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Detroit Auto News: "The Next Best Thing in Suspension"


Site Administrator
Staff member
Sep 16, 2000
New Hampshire
1990 Corvette ZR-1
From the Detroit Auto News - Monday, June 24:

The next big thing in suspension

By John McCormick / Autos Insider

Imagine whipping into your favorite corner and having your vehicle bank into the turn like an aircraft. Instead of wrestling with the wheel as the car leans to the outside as happens today, the tires of your 'banked' car or truck would grip better and you'd feel more in control.
Many years ago, Britain's Lotus Engineering worked on such a concept, but was hampered by a power-robbing, complex system. Now the idea has been resurrected based on a more straightforward, but very clever technology; magneto-rheological fluid-based shock dampers.
Though the composition of the fluid in these dampers is extremely intricate and has been under development by General Motors Corp. and Delphi Automotive Systems since the 1970s, the application is elegant in its simplicity.

Photo: Courtesy of GM Media Archives

To demonstrate the theory, Tadge Juechter, assistant chief engineer on the Chevrolet Corvette, holds a pair of syringes joined at the nozzles. The dark fluid inside the syringes can be pumped to and fro with ease until a small magnet is attached to the nozzles. Suddenly the fluid takes on the consistency of concrete and can scarcely be moved.
Coated iron particles suspended in the fluid clump together under magnetic force and slow or stop the motion of the liquid. For Juechter and his colleagues this patented (and expensive) fluid is the answer to a long-held challenge; giving the Corvette less of a bone-jarring ride.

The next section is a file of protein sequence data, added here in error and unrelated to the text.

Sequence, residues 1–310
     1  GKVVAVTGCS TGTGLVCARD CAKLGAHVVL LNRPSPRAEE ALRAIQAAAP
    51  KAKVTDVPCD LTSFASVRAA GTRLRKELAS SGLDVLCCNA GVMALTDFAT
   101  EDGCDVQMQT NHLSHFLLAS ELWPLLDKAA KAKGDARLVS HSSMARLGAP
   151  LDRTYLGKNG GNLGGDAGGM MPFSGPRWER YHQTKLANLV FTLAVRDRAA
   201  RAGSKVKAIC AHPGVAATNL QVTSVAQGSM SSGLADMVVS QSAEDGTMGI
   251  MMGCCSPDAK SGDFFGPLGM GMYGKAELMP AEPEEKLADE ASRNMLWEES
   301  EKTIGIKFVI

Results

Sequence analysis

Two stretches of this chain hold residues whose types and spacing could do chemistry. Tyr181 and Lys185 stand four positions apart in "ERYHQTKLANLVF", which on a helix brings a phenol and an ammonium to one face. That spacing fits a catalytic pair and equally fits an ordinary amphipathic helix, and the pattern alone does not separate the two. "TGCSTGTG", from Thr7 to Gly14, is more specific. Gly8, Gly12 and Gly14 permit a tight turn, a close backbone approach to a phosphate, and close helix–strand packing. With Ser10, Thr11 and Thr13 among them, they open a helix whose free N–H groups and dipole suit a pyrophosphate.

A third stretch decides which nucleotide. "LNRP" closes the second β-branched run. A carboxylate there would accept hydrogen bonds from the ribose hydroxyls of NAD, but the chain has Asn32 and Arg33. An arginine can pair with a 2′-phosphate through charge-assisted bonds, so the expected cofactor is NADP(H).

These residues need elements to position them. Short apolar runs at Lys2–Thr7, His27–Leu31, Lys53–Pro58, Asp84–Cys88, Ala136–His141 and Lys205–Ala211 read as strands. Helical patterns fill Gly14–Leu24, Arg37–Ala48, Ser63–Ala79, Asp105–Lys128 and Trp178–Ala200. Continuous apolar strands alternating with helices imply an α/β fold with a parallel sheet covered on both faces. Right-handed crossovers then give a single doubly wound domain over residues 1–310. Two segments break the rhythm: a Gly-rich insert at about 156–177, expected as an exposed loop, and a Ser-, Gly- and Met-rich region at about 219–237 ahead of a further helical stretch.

To this end, the 2003 Corvette 50th anniversary edition comes as standard with what GM has dubbed 'magnetic ride control' or MR. The shocks on the Corvette (and also the 2002 Cadillac Seville STS) work five times faster than previous real time damping systems. With the MR system, sensors detect wheel movement and a computer energizes coils on each damper. The intensity of the coils' magnetic fields controls the flow of fluid through the damper orifices, thereby regulating the damping effect. It all happens at lightening speed, up to 1000 times per second.
"The Corvette can use MR because body motion control and aggressive driving really go hand in hand; the faster you drive, the more energy you're putting into the chassis and the greater your need to take energy out. That's where this system really shines. It can intelligently take energy out when it's most appropriate, keeping the body motions under control and giving the ride comfort when you need it."
Juechter says in the world of suspension technology, MR is definitely the next big thing. "Considering how long automotive suspensions have been in development - over 100 years - to come up with a big step is difficult at this point. Great minds around the world have been thinking about this for a long time."
For now the application of MR in the STS, Corvette and other coming GM products is mainly to improve ride quality. But Juechter says the Corvette team has just started working on the corner banking effect. "You could actually use the energy of an uneven road to jack the car up," he explains. "You would create a check valve in the shock so you are jacking up the outboard side of car at the same time as you are tugging down on the inbound side."
Such a system is several years away, but it and other MR-based developments are coming, states Juechter. "The sky is the limit. These things are only limited by the creativity of the engineers and the software developers."
John McCormick is a columnist for Autos Insider and can be reached at jmccormick@detnews.com


Thanks for the article, Rob. I can't wait for the car magazines to start testing the new suspension in the 2003's, lateral g's, slalom speeds. I'm betting the Selective Magnetic Ride Control is going to be very impressive indeed.


Well-known member
Jan 22, 2002
I think the title needs reworking. We want the best thing, not the next best thing.

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